In the liquid crystal display device of Embodiment 1 described above, a two-layer electrode is employed for one (the picture element electrode 15 in the illustrated example) of the picture element electrode 15 defining picture element regions and the counter electrode 22 opposing each other via the liquid crystal layer 30, and the openings 14 a are provided in the upper conductive layer 14, so that an inclined electric field is produced in the presence of an applied voltage, thereby orienting the liquid crystal molecules into a radially-inclined orientation by using the inclined electric field. In the liquid crystal display device of Embodiment 2, the protrusion is provided in the opening 14 a of the upper conductive layer 14 so as to stabilize the radially-inclined orientation.

Embodiment 3 is a liquid crystal display device including a further orientation-regulating structure provided on the substrate (the counter substrate in the examples described above) which is different from the substrate on which the two-layer electrode is provided (the TFT substrate in the examples described above). In the following description, an electrode structure for realizing a radially-inclined orientation by the above-described inclined electric field will be referred to as the first orientation-regulating structure, and a further orientation-regulating structure provided on the other side of the liquid crystal layer with respect to the first orientation-regulating structure will be referred to as the second orientation-regulating structure.

Next, the specific structure and function of the second orientation-regulating structure will be described. A case where the first orientation-regulating structure is provided on the TFT substrate and the second orientation-regulating structure is provided on the counter substrate will be described below in conformity with the examples illustrated above.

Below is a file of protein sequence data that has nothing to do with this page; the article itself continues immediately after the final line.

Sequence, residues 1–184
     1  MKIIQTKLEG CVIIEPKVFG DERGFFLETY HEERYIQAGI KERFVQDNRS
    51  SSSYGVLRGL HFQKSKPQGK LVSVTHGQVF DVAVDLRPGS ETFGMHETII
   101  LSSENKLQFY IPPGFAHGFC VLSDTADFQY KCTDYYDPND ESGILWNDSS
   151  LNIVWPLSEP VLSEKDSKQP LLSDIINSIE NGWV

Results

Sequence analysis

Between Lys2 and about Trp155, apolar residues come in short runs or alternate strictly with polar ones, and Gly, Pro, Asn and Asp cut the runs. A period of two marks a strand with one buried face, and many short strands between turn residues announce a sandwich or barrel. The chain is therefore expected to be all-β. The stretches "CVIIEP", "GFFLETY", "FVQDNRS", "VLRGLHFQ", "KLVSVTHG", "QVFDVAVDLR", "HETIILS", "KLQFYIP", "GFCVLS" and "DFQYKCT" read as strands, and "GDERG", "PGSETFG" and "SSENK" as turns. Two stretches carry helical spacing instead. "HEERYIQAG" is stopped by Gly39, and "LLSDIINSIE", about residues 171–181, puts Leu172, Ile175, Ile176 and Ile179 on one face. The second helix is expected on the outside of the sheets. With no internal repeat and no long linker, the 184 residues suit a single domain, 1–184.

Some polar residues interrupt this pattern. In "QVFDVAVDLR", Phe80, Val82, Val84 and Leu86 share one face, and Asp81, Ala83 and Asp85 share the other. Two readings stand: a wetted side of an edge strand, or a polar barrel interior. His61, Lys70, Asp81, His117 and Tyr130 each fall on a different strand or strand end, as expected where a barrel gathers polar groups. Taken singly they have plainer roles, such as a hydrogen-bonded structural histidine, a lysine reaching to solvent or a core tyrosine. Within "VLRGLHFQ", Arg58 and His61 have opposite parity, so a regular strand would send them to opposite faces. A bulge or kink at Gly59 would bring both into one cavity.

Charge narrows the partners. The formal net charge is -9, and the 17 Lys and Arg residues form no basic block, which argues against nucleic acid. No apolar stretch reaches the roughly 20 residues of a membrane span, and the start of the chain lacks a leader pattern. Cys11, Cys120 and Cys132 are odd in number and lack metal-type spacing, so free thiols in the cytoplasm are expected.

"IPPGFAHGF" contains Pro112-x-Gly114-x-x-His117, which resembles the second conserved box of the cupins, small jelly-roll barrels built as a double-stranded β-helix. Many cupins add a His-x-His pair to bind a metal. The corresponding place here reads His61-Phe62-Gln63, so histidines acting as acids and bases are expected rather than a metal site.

FIG. 29A to FIG. 29E schematically illustrate a counter substrate 200 b having a second orientation-regulating structure 28. Each element having substantially the same function as that of the liquid crystal display devices described above will be denoted by the same reference numeral and will not be further described.

The second orientation-regulating structure 28 illustrated in FIG. 29A to FIG. 29E functions to orient the liquid crystal molecules 30 a of the liquid crystal layer 30 into a radially-inclined orientation. Note that the second orientation-regulating structure 28 illustrated in FIG. 29A to FIG. 29D and that illustrated in FIG. 29E are different in terms of the direction in which the liquid crystal molecules 30 a are to be inclined.

The direction in which the liquid crystal molecules are inclined by the second orientation-regulating structure 28 illustrated in FIG. 29A to FIG. 29D is aligned with the orientation direction of the radially-inclined orientation of each liquid crystal domain which is formed by the first orientation-regulating structure in a region corresponding to the unit solid portion 14 b′ (see, for example, FIG. 1C) of the upper conductive layer 14. In contrast, the direction in which the liquid crystal molecules are inclined by the second orientation-regulating structure 28 illustrated in FIG. 29E is aligned with the orientation direction of the radially-inclined orientation of each liquid crystal domain which is formed by the first orientation-regulating structure in a region corresponding to the opening 14 a (see, for example, FIG. 1C) of the upper conductive layer 14.

The second orientation-regulating structure 28 illustrated in FIG. 29A is formed by an opening 22 a of the counter electrode 22 which is provided so as to oppose the upper conductive layer 14 (e.g., the unit solid portion 14 b′ of FIG. 15A). A vertical alignment film (not shown) is provided on one surface of the counter substrate 200 b which is closer to the liquid crystal layer 30.